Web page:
Media savvy, self-involved to the point of narcissism, and both shrewd and skilled in making money from popular culture, talk show hostess and billionaire Oprah Winfrey is wrapping up 25 years of her signature television show while launching her new cable TV network. Completing the official transition from TV star to network mogul, she recently made an appearance on CNN’s Larry King Live replacement, Piers Morgan Tonight (a wreck by any standard) and spoke for herself about herself. It’s what Oprah does best, really.
I first caught her on A.M. Chicago in the 1980s, when she overtook the talk TV ratings lead from fellow Chicagoan Phil Donahue on Donahue and she gradually moved and marked a shift from ideas to personality. Where Donahue often discussed hot topics with top thinkers, Oprah did not. She was always all about Oprah, from the early forays into movies and multimedia, encouraged by sleazy Chicago Sun-Times movie critic Roger Ebert, to the latest empty episode of a final, vapid season of the Oprah Winfrey Show. To her credit, she brings a simple, American sensibility to the cultural issues she airs, and Oprah has brought forth many media figures such as Suze Orman, who at her best respects the making of money, and Dr. Phil McGraw, who at his best advances the idea that self matters. And she’s an example of capitalism, creating an empire based on her appeal and making billions of dollars from offering what she does as a value in trade.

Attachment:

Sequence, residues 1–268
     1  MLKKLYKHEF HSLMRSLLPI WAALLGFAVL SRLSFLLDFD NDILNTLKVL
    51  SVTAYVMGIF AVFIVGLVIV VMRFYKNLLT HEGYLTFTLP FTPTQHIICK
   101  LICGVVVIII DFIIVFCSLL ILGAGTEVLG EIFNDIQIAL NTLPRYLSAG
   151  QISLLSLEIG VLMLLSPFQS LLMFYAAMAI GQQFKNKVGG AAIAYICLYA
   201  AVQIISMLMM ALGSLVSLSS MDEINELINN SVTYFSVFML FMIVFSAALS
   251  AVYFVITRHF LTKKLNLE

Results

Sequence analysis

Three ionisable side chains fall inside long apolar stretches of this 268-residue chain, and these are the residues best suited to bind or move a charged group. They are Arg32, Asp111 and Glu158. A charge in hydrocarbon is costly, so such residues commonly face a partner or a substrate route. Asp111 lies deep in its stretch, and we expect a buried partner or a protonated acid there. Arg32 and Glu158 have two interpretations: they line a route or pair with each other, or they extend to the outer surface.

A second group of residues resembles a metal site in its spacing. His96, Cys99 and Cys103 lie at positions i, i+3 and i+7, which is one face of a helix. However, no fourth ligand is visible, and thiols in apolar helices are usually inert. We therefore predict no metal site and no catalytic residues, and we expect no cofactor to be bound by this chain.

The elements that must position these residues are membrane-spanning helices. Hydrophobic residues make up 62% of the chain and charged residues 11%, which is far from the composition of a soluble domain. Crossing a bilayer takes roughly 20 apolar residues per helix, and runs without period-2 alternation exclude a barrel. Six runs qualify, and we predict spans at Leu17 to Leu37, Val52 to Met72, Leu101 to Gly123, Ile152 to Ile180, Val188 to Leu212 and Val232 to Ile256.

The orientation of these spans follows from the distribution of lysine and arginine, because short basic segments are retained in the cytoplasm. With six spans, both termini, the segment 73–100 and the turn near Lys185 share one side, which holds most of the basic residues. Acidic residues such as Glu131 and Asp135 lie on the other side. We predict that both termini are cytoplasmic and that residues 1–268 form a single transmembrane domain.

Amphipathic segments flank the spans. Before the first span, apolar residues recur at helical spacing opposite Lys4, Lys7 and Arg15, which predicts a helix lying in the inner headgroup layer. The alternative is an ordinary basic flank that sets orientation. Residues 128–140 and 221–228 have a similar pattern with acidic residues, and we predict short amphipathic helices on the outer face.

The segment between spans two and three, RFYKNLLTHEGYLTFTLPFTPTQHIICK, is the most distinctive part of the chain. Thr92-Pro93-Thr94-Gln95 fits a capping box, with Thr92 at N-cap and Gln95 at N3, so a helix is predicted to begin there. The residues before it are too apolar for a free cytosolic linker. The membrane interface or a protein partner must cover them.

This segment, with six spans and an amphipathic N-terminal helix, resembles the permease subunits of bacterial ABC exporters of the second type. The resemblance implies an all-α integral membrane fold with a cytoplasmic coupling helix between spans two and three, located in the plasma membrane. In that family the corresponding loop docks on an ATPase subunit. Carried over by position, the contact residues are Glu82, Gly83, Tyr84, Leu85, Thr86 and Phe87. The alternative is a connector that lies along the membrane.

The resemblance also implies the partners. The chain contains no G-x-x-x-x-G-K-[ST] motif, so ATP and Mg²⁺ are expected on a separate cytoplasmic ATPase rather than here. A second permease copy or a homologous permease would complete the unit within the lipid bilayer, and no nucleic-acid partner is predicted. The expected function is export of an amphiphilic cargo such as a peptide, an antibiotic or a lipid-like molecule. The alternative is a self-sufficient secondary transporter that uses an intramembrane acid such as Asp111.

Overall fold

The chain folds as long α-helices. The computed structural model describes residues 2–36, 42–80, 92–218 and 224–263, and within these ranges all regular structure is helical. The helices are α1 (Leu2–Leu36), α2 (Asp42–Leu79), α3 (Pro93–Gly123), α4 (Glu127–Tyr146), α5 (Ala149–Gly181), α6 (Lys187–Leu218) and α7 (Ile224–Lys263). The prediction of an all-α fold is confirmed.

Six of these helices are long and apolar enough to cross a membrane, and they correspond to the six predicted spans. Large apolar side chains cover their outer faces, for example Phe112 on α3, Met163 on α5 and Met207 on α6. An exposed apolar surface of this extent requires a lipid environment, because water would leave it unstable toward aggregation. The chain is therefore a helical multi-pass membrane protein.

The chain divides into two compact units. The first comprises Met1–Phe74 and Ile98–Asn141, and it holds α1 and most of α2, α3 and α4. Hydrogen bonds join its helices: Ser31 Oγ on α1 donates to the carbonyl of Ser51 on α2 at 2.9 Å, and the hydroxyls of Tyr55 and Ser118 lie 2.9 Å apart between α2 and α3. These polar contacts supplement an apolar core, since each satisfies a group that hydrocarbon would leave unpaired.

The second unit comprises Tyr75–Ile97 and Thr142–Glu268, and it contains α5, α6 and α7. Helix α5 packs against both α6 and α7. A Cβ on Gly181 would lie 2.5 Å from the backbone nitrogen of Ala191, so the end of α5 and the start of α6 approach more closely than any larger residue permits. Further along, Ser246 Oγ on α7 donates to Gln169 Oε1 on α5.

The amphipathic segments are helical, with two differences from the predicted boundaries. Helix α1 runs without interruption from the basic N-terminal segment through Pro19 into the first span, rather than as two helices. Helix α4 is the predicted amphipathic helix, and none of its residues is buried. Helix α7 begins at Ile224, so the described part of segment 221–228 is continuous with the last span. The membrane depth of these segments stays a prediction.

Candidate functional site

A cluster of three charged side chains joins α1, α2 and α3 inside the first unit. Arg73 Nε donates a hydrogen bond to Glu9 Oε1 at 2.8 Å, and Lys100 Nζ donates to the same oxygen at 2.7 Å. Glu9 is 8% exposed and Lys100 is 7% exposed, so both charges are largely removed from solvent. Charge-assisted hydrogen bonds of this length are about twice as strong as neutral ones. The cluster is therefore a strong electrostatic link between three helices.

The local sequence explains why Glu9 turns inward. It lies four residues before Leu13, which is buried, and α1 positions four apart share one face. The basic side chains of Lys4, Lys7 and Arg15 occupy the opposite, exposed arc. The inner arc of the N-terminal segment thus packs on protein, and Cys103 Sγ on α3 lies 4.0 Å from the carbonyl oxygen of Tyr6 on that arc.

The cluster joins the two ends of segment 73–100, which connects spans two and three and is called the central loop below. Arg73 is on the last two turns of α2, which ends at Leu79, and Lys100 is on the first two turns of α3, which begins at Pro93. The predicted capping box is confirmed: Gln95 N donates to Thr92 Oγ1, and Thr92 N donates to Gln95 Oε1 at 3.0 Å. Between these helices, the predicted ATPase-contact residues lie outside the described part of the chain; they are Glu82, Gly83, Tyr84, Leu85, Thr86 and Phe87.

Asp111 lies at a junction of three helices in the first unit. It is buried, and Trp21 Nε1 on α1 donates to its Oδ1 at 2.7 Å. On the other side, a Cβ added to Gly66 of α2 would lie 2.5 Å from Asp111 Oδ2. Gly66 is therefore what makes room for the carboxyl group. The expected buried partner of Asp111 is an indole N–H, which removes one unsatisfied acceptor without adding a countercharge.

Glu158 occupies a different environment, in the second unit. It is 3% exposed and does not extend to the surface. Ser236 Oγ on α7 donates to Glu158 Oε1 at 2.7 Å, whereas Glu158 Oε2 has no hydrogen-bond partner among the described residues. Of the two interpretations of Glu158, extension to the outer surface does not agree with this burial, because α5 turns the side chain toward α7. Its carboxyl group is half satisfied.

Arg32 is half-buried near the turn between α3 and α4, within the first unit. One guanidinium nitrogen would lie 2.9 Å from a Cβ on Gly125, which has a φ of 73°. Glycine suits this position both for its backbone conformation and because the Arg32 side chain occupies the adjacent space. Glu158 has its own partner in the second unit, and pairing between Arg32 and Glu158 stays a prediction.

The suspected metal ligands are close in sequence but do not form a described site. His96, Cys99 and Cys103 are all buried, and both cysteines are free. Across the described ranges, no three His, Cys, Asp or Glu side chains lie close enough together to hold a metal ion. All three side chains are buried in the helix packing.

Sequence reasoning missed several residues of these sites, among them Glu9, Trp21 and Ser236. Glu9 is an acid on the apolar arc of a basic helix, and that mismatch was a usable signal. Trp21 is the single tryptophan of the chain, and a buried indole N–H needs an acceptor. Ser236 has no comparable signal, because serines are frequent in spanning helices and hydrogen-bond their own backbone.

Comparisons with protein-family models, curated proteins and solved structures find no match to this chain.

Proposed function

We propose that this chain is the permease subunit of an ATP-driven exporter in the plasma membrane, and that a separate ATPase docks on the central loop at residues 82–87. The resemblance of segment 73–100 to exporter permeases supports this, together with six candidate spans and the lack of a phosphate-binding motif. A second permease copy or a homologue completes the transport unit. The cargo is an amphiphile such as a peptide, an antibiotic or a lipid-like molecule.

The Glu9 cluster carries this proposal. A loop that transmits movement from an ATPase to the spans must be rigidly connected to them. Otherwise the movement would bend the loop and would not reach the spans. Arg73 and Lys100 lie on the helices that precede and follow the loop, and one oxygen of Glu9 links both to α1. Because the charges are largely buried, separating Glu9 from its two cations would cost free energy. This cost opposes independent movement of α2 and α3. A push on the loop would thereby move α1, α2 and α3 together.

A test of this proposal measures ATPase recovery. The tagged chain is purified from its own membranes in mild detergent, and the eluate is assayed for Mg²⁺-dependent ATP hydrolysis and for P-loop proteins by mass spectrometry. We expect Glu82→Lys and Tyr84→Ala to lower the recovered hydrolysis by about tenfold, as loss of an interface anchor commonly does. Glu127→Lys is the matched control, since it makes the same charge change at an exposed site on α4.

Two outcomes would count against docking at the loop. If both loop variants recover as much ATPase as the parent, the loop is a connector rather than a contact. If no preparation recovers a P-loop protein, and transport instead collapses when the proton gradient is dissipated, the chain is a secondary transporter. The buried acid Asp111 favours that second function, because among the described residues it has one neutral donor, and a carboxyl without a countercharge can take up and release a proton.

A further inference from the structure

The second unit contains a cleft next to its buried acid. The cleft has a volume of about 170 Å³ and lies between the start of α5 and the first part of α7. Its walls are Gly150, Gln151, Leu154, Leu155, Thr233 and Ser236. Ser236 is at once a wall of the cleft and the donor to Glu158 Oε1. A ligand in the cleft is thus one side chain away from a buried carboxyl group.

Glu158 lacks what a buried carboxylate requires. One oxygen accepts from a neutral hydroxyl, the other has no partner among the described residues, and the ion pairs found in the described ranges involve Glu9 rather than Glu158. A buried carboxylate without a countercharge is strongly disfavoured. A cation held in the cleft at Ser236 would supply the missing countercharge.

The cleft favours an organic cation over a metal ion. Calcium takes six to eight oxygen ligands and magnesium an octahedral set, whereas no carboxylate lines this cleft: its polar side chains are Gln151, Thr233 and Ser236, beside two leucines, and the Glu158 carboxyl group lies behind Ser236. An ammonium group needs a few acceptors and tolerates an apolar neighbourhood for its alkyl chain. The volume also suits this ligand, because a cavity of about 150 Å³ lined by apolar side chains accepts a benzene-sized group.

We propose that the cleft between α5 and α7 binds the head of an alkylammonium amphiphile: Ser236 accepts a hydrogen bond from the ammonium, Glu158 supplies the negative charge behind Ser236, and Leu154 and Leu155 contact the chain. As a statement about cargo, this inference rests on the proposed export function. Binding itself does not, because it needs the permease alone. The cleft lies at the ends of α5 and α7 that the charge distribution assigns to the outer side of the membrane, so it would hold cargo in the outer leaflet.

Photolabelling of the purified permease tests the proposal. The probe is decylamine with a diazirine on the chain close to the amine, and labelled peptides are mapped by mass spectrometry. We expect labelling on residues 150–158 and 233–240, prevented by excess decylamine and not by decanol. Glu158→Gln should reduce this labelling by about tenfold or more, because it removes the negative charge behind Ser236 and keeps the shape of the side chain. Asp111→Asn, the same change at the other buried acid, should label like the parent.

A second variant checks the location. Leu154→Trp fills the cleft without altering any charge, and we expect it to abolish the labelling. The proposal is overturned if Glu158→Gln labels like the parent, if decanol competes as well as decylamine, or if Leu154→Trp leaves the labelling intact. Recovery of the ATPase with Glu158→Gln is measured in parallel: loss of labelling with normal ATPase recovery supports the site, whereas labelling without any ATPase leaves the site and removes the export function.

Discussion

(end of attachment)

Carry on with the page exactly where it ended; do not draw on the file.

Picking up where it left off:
Intentionally or not, 25 years of Oprah represents the dumbing down of America, a slide from Donahue’s head-scratching, searching inquiries about what matters in everyday life to celebrity couch-jumping and pitiful snatches of Oprah hair, Oprah weight, Oprah selection; the topic is always tethered to the hostess. You turned off Donahue and sat and thought about what was said. You turn off Oprah and wonder where the time went. Today’s episode featured reunited soap stars, one of whom (Michael E. Knight) came on for something like 15 seconds before he was mauled by Oprah referencing Oprah and accepting accolades from others for being 25 years of Oprah. The graying, middle-aged actor sort of sat there struggling not to suffocate, like sitting next to an over-perfumed Aunt Harriet, clocking his time and waiting for the moment to end.
Oprah’s moment goes on, with books, magazines, movies and programming of dubious value, and it usually comes back to her, the opposite of Donahue, a left-wing intellectual who sought seriously to mine and explore ideas by stimulating a thoughtful examination or at least introduction to the crucial topics of our times.
When one of the most egotistical (as against egoistic) celebrities of the 20th century finally had the spotlight all to herself, as she did during her appearance with Piers Morgan, an amateur in self-involvement compared to Oprah, there was frankly not much to like after all. Her most indelible comments during the CNN exchange came when she knocked down the rumor that she’s a lesbian, stumbling uncomfortably upon the very word. In another exchange, abuse victim Oprah boasted, and that is the word, that she has never been in mental health therapy, as if there’s something decidedly and inherently wrong with it, and she tried to bully the pathetic British interviewer by demanding to know if he had been in therapy. They looked like a couple of puffed up dilettantes caught mocking their audiences by snorting that they’d never do what they’ve been urging the little people to do. In Oprah’s case, for over 25 years.